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Legislators representing dairy states intend to hold the FDA chief to his word regarding the use of the term "milk" for nondairy products like soy and almond beverages.

Last summer, FDA Commissioner Scott Gottlieb said his agency was moving to craft a guidance document to provide consistency and clarity for consumers and that he intended to implement change over the next year.

Now that the FDA comment period has ended for the document, U.S. Senators Tammy Baldwin (D-WI) and Jim Risch (R-ID) have reintroduced bipartisan legislation this week to combat the unfair practice of mislabeling non-dairy products.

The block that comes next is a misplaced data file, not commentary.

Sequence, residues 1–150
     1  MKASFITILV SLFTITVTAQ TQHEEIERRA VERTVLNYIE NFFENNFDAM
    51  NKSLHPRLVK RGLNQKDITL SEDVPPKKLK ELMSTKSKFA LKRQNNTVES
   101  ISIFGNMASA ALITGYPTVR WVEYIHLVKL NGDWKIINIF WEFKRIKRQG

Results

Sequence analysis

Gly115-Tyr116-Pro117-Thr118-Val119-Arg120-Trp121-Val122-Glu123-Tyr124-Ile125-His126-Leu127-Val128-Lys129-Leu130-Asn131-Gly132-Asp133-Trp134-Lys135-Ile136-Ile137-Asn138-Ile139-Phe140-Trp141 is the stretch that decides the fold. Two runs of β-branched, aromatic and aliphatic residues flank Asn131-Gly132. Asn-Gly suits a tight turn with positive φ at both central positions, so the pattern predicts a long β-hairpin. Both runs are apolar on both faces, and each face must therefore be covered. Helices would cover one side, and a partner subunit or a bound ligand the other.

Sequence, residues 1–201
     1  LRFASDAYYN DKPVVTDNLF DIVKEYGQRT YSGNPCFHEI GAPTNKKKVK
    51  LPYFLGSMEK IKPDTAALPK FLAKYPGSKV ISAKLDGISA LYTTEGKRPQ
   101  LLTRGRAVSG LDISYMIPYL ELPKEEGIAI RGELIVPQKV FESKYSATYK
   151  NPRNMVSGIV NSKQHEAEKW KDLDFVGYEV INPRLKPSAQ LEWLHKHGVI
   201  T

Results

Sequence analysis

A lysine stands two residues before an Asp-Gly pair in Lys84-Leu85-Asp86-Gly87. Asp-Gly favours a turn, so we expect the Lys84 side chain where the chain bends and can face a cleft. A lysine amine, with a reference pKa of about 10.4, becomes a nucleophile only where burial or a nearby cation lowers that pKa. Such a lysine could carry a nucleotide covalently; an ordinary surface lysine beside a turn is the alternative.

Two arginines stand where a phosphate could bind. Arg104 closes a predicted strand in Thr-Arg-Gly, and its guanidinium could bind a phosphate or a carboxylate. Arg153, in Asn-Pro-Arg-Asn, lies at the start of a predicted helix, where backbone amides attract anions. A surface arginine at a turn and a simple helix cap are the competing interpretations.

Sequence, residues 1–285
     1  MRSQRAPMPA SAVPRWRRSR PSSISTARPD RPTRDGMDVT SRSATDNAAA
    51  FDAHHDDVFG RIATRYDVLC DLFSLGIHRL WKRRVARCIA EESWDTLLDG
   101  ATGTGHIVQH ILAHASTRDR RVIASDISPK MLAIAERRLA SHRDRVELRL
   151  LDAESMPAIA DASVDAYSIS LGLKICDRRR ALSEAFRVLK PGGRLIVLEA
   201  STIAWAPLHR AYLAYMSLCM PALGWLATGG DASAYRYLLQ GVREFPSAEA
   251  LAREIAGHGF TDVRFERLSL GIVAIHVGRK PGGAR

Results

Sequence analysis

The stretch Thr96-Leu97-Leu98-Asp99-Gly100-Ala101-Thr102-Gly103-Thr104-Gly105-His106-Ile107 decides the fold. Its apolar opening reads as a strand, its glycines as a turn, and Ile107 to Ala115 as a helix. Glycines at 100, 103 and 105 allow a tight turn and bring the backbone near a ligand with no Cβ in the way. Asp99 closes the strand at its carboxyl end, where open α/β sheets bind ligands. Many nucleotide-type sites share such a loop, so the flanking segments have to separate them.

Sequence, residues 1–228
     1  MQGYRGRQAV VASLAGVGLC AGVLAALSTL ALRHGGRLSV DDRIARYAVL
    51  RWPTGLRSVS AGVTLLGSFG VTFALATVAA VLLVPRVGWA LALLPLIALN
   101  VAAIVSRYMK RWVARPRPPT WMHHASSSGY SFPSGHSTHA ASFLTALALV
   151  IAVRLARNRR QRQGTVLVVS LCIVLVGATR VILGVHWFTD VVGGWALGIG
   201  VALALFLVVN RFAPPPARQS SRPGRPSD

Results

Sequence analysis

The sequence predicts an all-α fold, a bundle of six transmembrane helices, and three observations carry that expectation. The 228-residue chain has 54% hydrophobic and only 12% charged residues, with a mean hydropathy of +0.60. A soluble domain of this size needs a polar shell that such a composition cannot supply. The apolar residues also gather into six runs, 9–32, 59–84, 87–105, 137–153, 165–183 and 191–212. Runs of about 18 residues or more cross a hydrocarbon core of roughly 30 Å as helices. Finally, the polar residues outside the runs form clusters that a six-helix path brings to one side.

The DAIRY PRIDE Act (Defending Against Imitations and Replacements of Yogurt, milk, and cheese to Promote Regular Intake of Dairy Everyday) would require non-dairy products made from nuts, seeds, plants, and algae to no longer be mislabeled with dairy terms such as milk, yogurt or cheese.

The bipartisan legislation is cosponsored by Senators Patrick Leahy (D-VT), Mike Crapo (R-ID), Debbie Stabenow (D-MI) and Angus King (I-ME), and it has also been introduced in the House by Representatives Peter Welch (D-VT) and Mike Simpson (R-ID).

“Dairy farmers in Wisconsin work tirelessly every day to ensure that their milk meets high standards for nutritional value and quality,” said Senator Baldwin. “Imitation products have gotten away with using dairy’s good name for their own benefit, which is against the law and must be enforced. Mislabeling of plant-based products as ‘milk’ hurts our dairy farmers."